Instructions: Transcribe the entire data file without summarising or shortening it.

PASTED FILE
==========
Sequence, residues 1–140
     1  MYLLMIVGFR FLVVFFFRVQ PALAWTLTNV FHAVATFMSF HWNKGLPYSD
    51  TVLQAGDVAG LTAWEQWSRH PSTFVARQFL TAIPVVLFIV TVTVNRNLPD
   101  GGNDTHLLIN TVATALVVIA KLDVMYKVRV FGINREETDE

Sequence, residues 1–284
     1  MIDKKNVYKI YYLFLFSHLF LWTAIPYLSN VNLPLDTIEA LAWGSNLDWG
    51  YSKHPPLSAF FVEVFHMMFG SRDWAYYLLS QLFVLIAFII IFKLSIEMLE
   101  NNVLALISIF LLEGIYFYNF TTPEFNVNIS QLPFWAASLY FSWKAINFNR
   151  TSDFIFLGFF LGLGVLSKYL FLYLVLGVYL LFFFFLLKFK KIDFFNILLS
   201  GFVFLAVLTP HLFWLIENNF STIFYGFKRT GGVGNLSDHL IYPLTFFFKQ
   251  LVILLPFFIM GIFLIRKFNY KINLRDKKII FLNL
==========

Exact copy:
Sequence, residues 1–140
     1  MYLLMIVGFR FLVVFFFRVQ PALAWTLTNV FHAVATFMSF HWNKGLPYSD
    51  TVLQAGDVAG LTAWEQWSRH PSTFVARQFL TAIPVVLFIV TVTVNRNLPD
   101  GGNDTHLLIN TVATALVVIA KLDVMYKVRV FGINREETDE

Sequence, residues 1–284
     1  MIDKKNVYKI YYLFLFSHLF LWTAIPYLSN VNLPLDTIEA LAWGSNLDWG
    51  YSKHPPLSAF FVEVFHMMFG SRDWAYYLLS QLFVLIAFII IFKLSIEMLE
   101  NNVLALISIF LLEGIYFYNF TTPEFNVNIS QLPFWAASLY FSWKAINFNR
   151  TSDFIFLGFF LGLGVLSKYL FLYLVLGVYL LFFFFLLKFK KIDFFNILLS
   201  GFVFLAVLTP HLFWLIENNF STIFYGFKRT GGVGNLSDHL IYPLTFFFKQ
   251  LVILLPFFIM GIFLIRKFNY KINLRDKKII FLNL